Rosanne Agasee has gathered some fine musicians on her debut recording. She has also honed in on jazz standards and pop tunes to showcase her vocals. So far it is all good.
If there is one thing that the record proves, it is that Agasee is a pop stylist. She starts out low-key. Her singing tends to be awash in pathos on "Home at Last, which has some telling playing from Doug Riley on the Hammond B3 and loquacious guitar from Jake Langley. Interpreting Steely Dan is no mean task. Agasee also has Sting in the works, with whom she tries a jazz twist. The song just doesn't lend itself to the interpretation, and while Agasee makes the effort, the final bell does not signal a triumph.
Agasee's limitations as a jazz singer are visible on the jazz tunes. She cannot muster the depth or the inflection to get into the meat of the lyrics and make them stand up and vibrate. "Summertime ticks along at a quick pace, but all it turns out to be is a nice pop ditty. This also holds for "Blue Skies, a pop adventure that is marked by some incisive guitar from Langley and a whomping sax solo from Chris Mitchell. Singing songs is one thing, singing jazz another.
Track Listing: Home at Last; You Go to My Head; He Thinks He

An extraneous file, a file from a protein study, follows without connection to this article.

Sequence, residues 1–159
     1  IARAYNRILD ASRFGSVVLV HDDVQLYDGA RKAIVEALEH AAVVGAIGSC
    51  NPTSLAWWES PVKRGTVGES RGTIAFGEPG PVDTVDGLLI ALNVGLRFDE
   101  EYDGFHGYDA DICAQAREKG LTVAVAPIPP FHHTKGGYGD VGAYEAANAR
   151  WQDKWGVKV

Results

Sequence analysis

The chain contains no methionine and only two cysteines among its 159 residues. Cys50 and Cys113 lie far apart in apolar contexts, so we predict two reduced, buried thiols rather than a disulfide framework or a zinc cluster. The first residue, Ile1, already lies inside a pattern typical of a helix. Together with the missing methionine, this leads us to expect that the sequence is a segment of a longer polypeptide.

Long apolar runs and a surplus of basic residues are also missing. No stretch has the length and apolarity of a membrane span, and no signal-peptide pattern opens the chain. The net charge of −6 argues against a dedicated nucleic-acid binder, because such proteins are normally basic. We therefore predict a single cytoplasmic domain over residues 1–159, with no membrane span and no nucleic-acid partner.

Personnel: Rosanne Agasee: vocals; Doug Riley: Hammond B3 organ, piano, vibes; Chris Mitchell:
soprano, alto, tenor and baritone saxophones, flute; Ben Riley: drums, percussion; Jake
Langley: electric and acoustic guitar; Robert Botos: piano (12); Frank Botos: drums (12);
Atilla Darvas: bass (12).
I love jazz because, even after many years as a professional performer, teacher and author on the subject, this music still possesses the element of deep mystery and surprise. I recently heard somebody say that if you can explain something, you take the mystery out of it
I love jazz because, even after many years as a professional performer, teacher and author on the subject, this music still possesses the element of deep mystery and surprise. I recently heard somebody say that if you can explain something, you take the mystery out of it. Not in this case! It seems that with every explanation, new questions arise exponentially! It's like the universe is constantly inviting (challenging) you to grow musically.